Los Angeles, and pretty much all of California, reaps the benefits that come from proximity to one of the most fertile agricultural regions in the country. The tendency, however, is to think that the agriculture stops where the ocean starts. We're becoming more accustomed to the seasonal harvests of various fish and shellfish, but seaweed seems to have missed the boat, as it were. But seaweeds do have a season, and one of the more wonderful ocean vegetables is coming in now.
If you like this story, consider signing up for our email newsletters.
SHOW ME HOW
You have successfully signed up for your selected newsletter(s) - please keep an eye on your mailbox, we're movin' in!
Carlsbad Aquafarms, the source of our Sunday morning breakfast of freshly shucked Lunas on the half shell at the Hollywood Market (one of Jonathon Gold's must-do 99's), just started harvesting their cultivated red ogo seaweed. The taste is pure ocean and brine; the texture is pleasantly crunchy and snappy. But don't cook it, as its translucent dark mahogany color will turn a drab opaque green, losing everything that makes Red Ogo so desirable in the first place. And any kapunawahine worth her salt knows that fresh, raw ogo makes a good Hawaiian poke so very ono. But Mark Steinke, Carlsbad Aquafarm's logistics manager, says he now uses it wherever he used to use lettuce. "It adds so much crunch and flavor, not to mention the nutrition. It has three times the potassium of bananas." He recommends using it in a cucumber salad with feta and a squeeze of lemon, but also suggests adding it to sandwiches. "I made a Reuben with pastrami, ogo and sauerkraut. It was great."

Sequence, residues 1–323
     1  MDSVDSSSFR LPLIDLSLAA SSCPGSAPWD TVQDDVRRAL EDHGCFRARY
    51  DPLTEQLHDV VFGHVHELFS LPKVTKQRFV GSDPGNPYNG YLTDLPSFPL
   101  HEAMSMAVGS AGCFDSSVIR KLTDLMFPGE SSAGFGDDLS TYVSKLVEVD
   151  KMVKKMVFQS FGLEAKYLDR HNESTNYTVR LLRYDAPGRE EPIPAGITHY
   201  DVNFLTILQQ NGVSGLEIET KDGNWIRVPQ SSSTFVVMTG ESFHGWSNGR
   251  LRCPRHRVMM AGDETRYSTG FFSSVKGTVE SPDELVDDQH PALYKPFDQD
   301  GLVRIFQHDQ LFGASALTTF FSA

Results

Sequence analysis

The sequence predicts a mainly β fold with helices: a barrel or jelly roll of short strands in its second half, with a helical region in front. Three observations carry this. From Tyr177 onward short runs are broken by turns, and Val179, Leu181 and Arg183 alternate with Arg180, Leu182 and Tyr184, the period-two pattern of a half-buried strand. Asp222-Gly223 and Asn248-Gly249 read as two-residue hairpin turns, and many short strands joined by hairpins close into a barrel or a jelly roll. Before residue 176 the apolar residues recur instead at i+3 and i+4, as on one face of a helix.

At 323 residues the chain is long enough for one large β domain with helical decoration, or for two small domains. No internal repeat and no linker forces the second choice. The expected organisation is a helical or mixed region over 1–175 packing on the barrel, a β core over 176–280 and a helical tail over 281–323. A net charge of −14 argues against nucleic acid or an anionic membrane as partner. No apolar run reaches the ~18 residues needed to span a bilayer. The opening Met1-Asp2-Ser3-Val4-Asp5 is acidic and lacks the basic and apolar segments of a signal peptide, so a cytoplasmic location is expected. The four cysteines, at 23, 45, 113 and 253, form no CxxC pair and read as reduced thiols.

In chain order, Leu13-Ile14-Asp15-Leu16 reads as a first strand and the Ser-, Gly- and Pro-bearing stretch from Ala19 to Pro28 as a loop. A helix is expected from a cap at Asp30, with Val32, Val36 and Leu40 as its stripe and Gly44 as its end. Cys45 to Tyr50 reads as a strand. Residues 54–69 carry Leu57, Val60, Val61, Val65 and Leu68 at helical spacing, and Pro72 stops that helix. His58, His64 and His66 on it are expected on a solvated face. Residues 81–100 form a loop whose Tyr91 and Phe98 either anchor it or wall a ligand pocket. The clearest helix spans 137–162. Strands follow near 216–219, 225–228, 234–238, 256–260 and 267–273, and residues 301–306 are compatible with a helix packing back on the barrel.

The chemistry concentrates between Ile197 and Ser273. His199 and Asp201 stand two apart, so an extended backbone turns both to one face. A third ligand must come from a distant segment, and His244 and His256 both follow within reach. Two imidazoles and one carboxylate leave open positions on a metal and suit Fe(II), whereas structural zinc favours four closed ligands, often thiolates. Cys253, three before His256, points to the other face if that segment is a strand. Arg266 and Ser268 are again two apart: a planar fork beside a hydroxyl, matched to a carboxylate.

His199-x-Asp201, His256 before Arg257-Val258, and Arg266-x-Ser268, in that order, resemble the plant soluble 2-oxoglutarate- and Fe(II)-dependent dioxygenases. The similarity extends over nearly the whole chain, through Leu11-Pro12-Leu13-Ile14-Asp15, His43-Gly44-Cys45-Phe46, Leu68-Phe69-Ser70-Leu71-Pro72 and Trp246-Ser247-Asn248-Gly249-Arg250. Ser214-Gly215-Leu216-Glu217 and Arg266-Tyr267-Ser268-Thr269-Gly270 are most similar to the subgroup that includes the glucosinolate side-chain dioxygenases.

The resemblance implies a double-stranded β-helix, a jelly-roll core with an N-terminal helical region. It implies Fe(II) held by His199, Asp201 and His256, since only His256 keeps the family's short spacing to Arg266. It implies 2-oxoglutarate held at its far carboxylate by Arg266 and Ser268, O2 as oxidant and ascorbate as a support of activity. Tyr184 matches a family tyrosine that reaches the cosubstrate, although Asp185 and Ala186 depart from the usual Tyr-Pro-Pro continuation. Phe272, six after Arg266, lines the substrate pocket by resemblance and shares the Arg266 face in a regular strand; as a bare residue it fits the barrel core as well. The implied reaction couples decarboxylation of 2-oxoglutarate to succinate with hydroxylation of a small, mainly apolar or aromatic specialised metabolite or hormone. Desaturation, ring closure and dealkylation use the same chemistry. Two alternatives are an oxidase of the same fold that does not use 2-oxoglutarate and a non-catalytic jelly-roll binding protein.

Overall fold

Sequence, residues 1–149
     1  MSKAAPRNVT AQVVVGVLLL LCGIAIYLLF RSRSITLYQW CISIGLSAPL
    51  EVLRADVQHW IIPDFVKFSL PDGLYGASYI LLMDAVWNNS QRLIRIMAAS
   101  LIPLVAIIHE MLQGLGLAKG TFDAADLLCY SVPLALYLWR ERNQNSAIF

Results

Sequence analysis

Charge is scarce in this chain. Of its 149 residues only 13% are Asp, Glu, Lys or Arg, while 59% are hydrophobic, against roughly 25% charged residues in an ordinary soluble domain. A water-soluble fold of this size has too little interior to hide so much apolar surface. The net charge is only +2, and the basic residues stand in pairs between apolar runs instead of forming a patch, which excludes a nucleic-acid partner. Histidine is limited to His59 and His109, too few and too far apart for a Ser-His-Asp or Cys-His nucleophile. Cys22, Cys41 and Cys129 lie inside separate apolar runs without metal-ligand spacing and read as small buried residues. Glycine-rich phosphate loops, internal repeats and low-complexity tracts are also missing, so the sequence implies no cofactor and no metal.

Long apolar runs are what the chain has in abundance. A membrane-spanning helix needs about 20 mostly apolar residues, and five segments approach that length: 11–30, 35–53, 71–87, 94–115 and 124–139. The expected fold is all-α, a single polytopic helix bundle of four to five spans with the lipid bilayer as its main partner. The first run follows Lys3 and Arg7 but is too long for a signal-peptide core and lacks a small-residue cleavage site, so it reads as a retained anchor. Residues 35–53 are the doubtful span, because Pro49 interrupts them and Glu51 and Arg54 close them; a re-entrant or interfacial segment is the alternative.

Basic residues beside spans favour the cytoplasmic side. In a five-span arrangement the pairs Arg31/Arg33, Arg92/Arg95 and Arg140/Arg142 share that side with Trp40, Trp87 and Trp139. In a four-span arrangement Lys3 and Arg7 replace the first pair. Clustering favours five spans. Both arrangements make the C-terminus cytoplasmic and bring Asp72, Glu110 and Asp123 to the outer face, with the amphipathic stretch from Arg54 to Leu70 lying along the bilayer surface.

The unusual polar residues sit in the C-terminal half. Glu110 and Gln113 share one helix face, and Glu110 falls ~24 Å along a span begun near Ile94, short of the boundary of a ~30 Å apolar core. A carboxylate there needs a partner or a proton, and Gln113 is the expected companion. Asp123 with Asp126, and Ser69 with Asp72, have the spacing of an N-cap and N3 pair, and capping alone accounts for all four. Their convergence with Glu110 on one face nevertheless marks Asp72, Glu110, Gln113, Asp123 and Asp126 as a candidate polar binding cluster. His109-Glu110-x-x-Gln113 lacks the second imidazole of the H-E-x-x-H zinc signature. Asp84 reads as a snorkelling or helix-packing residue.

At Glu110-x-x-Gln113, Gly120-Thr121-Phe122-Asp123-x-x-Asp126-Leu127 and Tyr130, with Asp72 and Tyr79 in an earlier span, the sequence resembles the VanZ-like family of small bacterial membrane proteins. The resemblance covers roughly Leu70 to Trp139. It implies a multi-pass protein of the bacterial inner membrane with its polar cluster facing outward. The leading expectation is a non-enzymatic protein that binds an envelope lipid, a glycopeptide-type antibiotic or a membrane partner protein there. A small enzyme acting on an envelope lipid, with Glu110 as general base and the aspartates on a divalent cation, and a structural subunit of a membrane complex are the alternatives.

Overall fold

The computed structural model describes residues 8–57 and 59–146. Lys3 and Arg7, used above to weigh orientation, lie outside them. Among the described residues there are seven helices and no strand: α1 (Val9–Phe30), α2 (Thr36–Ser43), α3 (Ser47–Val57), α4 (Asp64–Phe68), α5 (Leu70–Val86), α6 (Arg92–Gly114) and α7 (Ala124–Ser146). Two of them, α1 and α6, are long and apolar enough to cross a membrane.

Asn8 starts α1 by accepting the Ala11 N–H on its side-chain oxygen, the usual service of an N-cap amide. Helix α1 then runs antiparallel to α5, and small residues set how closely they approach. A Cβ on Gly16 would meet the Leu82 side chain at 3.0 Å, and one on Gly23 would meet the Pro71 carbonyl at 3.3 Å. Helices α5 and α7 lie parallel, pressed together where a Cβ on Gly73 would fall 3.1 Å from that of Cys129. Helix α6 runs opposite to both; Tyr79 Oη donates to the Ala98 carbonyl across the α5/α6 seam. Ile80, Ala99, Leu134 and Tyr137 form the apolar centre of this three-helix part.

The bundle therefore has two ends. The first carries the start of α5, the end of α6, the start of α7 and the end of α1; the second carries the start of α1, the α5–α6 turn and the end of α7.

Carlsbad Aquafarms will be the only vendor carrying fresh red ogo at our local markets, of which they currently attend three: the Sunday Hollywood market, the Wednesday Santa Monica market, and the Saturday Santa Monica market. They have an application in at the Irvine market ("we're just waiting for a space to open up") and they are looking to start up at a market closer to home in San Diego. "It's an education process. We often hear, 'well, I already have a fish vendor.' Getting them to understand what we do and what we offer is a challenge. There's a lot of initial resistance." Steinke says they are looking at Hillcrest, Pacific Beach, and Temecula as potential southern market locations. Until then, it's all L.A., at least until October, weather permitting. Ogo demands sunny days and warm water to thrive, which can be hit or miss some weeks along the southern coastline, where the aquafarm is located inside a calm ocean inlet.